1st and 3rd, somewhat illogically, was between the Polish film: Scenes From The Life of a Man; and a German film: ... Be Aware of Trudchen Luescher. The jury was split between its German members and its non-German members (an American: Stephen Dwoskin; a Russian: Nadia Khromchenko, of UNESCO; and an Englishman). The German members of the jury (a disabled actor and organiser of the festival: Peter Radtke; an able-bodied film critic: Michael Althen; and the film director Michael Verhoeven) wanted the Polish film to win whereas as the foreigners wanted the German film. Though I think that there was a degree of embarrassment that a German film might win a German film festival the disagreement did show a divide in attitudes of jury members. The Polish film was about a man with no arms who swims, skis, urinates and draws and was shot in the most beautiful of aesthetics but was, in my view, deeply exploitative of the subject and was made in such a way that it objectified the subject (i.e. the disabled character) to such a degree that it would have looked as beautiful had its central character been a car or a computer. The non-German jurors won out and managed to persuade the Germans that this should go third and not first, mainly on the grounds that they did not want it to get anything as it was in the long run, deeply suspect in its depiction of disability as they saw it and was a case of style over content.
So the winner, with a prize of 10,000 marks (£4,000) was ... Be Aware of Trudchen Luescher; the tale of an elderly woman with a severe visual impairment, sitting alone and lonely in her rented flat, lamenting, despising and longing for a call from a neighbour: Mrs Grul. In the film, to fill time, Trudchen Luescher cleans, listens to the television and stares out of the window. Cinematically I found it to be the most original and engaging of the films and should clearly have been the winner. Its originality and confrontation of the subject and character was both refreshing and moving. It was a hard film - the write up in Disability Now called it dour and boring - but beneath a superficial reading it was rich in detail, comment and reality. Some said it painted a negative image of visual impairment and old age, I would counter that it revealed that which disabled people have tried to hide at their own expense, that loneliness and isolation are the predominant reality of disability as that is how so many of us are forced to live. Loneliness and isolation are not inevitable conclusions of disability but they are when it is lived in a society that despises and isolates it: many of us. But, and this was the beauty of the winning film, no matter how much society is the cause and instigator of that isolation and loneliness and pain, we each experience it, in the main, as individuals - in our own heads - not as social collective. the collective is how we challenge it, not how we experience on our own. ... Be Aware of Trudchen Luesher was by far the best film in the festival, and though a difficult film, it made the festival well worth the trip on its own.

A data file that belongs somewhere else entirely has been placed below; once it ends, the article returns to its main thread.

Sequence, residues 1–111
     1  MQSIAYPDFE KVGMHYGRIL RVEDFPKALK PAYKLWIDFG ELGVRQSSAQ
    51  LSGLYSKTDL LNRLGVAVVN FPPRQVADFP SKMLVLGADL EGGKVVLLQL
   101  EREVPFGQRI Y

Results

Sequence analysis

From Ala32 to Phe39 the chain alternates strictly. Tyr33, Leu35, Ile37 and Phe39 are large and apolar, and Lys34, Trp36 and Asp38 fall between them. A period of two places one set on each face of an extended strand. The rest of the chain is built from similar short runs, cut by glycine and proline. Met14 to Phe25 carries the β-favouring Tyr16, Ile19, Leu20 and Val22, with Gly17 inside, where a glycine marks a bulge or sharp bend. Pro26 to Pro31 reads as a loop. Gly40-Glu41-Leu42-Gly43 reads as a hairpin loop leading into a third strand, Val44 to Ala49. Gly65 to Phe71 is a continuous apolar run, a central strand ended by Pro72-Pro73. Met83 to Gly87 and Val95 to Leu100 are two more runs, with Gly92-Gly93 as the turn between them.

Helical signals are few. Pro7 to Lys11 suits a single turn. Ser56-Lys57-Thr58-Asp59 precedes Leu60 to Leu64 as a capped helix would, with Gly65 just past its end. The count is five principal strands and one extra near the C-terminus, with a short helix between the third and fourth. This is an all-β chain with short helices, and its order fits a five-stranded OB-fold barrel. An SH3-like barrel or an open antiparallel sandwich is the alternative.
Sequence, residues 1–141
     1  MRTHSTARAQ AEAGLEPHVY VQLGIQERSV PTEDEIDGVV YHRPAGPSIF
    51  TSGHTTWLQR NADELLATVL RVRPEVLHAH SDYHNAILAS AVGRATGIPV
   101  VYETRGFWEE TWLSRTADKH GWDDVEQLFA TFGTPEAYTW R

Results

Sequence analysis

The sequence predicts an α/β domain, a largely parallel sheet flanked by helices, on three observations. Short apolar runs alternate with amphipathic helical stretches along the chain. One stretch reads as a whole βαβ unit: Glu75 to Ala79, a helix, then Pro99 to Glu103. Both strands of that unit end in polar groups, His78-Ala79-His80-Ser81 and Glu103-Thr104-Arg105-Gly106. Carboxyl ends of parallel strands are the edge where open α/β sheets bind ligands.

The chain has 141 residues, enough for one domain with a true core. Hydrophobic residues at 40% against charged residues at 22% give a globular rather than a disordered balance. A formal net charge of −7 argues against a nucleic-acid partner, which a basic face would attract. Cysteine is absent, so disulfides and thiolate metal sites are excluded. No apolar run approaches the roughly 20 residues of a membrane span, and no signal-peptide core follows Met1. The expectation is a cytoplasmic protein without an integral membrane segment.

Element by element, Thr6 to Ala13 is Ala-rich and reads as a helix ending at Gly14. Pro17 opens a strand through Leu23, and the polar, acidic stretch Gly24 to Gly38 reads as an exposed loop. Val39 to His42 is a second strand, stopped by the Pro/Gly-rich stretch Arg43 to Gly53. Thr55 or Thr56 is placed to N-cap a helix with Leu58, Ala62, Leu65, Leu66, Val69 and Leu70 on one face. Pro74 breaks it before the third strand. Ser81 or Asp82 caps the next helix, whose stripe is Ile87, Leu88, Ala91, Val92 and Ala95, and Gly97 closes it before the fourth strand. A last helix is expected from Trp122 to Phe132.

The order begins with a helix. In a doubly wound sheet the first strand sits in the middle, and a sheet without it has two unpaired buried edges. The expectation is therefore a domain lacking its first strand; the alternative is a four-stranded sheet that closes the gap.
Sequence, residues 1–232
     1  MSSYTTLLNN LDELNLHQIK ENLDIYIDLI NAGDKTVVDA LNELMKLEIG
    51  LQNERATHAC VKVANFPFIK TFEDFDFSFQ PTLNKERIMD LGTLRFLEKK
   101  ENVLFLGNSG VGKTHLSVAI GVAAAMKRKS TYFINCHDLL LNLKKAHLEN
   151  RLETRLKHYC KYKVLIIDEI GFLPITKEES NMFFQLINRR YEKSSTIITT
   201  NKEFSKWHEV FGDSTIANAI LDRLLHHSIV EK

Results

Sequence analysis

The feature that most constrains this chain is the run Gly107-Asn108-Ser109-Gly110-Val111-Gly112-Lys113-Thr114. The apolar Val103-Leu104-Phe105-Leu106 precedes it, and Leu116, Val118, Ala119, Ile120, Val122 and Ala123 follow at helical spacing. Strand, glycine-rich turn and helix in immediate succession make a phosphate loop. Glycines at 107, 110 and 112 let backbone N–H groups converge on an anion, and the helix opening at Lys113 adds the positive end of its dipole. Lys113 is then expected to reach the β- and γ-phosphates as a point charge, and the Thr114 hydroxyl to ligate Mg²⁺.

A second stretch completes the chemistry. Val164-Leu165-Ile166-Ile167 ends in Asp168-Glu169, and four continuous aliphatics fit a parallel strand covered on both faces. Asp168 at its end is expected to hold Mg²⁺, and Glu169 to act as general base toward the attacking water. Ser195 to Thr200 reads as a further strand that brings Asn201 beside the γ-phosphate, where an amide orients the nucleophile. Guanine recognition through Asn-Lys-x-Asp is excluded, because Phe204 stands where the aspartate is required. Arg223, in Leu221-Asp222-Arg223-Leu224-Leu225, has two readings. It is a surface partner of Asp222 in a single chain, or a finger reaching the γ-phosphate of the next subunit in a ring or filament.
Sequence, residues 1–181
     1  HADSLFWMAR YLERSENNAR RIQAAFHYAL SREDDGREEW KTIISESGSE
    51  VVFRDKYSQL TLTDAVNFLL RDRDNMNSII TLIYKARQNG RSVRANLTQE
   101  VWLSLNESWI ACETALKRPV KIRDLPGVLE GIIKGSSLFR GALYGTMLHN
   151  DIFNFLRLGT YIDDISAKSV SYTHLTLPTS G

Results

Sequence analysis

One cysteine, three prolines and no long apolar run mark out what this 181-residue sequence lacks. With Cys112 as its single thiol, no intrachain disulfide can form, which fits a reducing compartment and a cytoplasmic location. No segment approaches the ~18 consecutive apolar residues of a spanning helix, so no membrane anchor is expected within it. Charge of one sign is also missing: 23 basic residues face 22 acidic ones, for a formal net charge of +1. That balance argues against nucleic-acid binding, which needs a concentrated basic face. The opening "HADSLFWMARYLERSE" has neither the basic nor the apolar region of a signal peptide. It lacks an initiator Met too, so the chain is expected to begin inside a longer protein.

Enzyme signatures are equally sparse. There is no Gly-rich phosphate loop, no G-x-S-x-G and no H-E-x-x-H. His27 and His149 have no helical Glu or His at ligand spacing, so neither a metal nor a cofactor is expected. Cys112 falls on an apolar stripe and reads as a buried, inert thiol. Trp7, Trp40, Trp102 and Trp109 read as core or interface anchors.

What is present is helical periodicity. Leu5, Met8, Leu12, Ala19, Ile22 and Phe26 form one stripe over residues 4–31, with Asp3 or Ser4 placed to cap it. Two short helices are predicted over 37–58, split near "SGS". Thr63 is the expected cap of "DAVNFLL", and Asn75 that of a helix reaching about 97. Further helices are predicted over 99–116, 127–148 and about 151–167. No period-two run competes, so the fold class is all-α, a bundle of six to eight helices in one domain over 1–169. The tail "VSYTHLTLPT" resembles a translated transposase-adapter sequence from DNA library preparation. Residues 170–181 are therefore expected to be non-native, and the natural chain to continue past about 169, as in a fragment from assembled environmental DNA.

One final mention must be made of a film that the jury awarded a special mention: A Loophole For Euthanasia, a German/Dutch production by Heidi and Bernd Umbreit and the film in which Fredi Saal appears. Though it was neither cinematically original nor televisually stunning the jury, at least its disabled members, felt it deserved a wider audience purely on the basis that it raised the issue of the long shadow of euthanasia that has stated to loom long and large over all of us disabled people of the world. The film connected current euthanasia thought with that perpetrated against us by the Nazis and as such placed, in many of the jurors opinion, the current realities of euthanasia thought in their proper context: the fascist tendencies of the medical profession and the obsessional desire for order, control and normality (what ever that is).
The festival had its problems: not enough films by disabled people, a little too much inspirational stuff, a selection process dominated by able-bodied people with a desire to please able-bodied people and a degree of jury mistreatment. But, Trudchen Luscher waiting for Mrs Grul made it all worthwhile.